Why Make Such A Statement?

“Our employees never click on the links or attachments in an email.” What would make a business owner compelled to make such an incorrect statement? Let’s start with the assumption, that I know with a great degree of certainty that such a statement is wrong nearly every time it is made. I will qualify that assumption shortly, but for now, if I am correct, why would a business owner make such a statement?

There are only a few reasons and most likely the answer is one or more of the following:

  1. Ignorance. I don’t mean that in an insulting way, I just mean that sometimes business owners and even managers are completely disconnected from the truth about their employees. They are often too busy to really know what their employees’ level of competency on such topics and they often are not training or testing to get better insight. Instead they give the benefit of the doubt and assume.
  2. Protection of negotiating power. In more descriptive terms, a prospective customer will often minimize the problem, because if the problem is seen in all of its full magnitude, then the solution for the issue may seem very expensive. Firewalls, endpoint protection, wireless protection, email security, training, testing….it all sounds very expensive! So, sometimes a customer will minimize the issue in order to avoid being sold a solution altogether or to avoid what is perceived as an expensive solution.

Neither of these are good reasons to minimize a problem that I know exists. How do I know? I see it every day! Phishing attempts are relentless and more and more sophisticated. There are more each day and they are more difficult to detect each day. Why? Because systems are not sophisticated enough yet to eliminate phishing attempts. Some are certainly squashed before they reach your users inbox, but those are typically the really poorly written phishing emails designed to penetrate the weakest of security solutions and the least informed individuals. The ones that get through decent systems appear to be much more legitimate and they are often specifically targeting individuals based on their roles and responsibilities (i.e. a phishing attempt that appears to be an invoice attached by a vendor sent to the accounts payable person in the company). They are also sent with very specific timing to take advantage of events that are taking place in order to provide a deeper disguise.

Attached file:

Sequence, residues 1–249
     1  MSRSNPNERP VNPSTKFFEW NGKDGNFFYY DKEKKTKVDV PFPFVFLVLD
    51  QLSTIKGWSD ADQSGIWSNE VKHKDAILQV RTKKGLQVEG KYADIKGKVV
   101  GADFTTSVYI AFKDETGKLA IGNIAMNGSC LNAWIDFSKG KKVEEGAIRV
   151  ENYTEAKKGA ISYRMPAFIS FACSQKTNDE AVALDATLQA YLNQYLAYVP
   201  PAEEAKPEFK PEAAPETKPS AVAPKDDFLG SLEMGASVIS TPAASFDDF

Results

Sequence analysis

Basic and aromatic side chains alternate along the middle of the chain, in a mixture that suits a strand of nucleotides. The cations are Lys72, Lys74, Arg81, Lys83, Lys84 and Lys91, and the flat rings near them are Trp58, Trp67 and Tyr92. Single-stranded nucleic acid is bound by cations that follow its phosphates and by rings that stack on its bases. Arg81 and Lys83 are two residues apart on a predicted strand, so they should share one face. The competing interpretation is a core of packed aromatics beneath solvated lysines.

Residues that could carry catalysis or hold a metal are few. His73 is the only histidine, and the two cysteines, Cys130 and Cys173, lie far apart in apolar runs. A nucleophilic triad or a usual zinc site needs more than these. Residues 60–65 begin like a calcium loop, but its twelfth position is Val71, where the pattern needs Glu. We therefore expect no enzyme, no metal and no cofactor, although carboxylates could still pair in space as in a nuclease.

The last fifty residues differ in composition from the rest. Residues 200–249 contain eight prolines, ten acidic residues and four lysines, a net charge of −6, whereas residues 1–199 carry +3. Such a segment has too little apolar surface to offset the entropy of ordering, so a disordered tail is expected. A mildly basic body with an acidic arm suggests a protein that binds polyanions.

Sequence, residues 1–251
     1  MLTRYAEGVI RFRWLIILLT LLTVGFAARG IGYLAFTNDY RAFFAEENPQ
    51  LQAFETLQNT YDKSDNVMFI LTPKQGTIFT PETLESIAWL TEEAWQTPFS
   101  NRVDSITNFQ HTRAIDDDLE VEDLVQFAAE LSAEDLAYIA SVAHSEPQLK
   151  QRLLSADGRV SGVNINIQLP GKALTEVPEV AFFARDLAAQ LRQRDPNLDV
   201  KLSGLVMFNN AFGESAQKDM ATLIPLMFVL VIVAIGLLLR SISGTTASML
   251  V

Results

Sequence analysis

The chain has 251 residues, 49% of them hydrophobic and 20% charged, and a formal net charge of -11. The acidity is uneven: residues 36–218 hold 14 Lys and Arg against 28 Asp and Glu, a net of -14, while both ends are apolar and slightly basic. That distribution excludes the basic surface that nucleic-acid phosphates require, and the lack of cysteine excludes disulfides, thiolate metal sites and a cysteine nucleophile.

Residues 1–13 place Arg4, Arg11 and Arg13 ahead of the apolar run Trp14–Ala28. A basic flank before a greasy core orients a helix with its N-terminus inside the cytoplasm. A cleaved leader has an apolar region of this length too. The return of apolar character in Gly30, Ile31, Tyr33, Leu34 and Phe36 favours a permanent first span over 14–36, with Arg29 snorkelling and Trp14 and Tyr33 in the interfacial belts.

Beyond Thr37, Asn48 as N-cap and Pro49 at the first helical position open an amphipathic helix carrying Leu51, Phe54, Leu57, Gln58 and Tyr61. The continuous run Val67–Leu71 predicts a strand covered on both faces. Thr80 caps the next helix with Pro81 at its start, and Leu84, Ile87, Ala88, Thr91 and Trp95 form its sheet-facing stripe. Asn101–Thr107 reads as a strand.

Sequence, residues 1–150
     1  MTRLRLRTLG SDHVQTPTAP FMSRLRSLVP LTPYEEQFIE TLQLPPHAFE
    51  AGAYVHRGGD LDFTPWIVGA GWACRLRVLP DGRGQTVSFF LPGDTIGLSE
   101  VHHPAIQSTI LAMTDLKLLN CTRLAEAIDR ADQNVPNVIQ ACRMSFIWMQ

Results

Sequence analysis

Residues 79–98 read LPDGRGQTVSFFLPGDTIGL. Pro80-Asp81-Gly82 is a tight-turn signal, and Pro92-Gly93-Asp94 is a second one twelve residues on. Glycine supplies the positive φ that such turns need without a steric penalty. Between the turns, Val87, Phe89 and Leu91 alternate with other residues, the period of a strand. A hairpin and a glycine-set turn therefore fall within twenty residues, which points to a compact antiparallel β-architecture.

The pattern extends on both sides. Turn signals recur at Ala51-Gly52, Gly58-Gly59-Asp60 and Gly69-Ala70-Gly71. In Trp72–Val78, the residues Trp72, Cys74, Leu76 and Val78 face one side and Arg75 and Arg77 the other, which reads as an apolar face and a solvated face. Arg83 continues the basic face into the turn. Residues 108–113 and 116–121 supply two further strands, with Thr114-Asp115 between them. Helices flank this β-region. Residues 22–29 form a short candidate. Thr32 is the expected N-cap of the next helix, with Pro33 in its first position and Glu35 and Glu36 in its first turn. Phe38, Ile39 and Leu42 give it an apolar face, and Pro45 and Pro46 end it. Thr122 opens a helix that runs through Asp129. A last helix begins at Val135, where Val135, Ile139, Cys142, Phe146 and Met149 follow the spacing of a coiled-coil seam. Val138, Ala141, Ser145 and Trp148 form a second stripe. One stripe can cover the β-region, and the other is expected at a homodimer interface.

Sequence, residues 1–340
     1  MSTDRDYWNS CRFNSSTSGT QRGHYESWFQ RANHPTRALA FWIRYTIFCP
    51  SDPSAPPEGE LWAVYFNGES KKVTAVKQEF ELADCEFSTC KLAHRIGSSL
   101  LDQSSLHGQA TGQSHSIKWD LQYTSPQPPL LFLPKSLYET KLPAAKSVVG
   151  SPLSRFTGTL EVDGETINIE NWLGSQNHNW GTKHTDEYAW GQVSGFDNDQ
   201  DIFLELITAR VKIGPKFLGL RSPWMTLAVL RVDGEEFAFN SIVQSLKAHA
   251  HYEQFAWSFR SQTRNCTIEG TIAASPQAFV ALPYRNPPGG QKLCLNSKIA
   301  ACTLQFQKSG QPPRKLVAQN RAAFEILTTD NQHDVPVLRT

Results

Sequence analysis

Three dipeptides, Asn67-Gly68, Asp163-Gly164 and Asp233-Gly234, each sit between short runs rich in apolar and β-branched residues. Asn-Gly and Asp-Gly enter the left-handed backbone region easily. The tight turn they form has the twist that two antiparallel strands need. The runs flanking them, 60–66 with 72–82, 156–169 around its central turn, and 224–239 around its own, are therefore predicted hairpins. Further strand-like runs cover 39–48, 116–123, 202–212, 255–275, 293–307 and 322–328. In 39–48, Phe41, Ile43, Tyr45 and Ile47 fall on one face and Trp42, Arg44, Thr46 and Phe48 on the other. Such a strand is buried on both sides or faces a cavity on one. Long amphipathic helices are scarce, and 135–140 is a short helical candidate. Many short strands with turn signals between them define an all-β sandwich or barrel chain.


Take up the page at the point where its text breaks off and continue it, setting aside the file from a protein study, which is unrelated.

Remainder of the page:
Still not convinced? Take my challenge! Contact me at marketing@itgroupva.com and ask for a trial Phish training campaign. I will coordinate a one-time test for your employees at absolutely no charge. If you are willing to allow the test to occur without mentioning it to anyone else in your organization, you will be shocked when we show you the reports indicating which users opened a phishing email, which ones clicked on a link or an attachment and which users actually submitted information upon request by the phishing email. Here is your chance to see just how educated your users are at no cost to you!


Paul Meadows,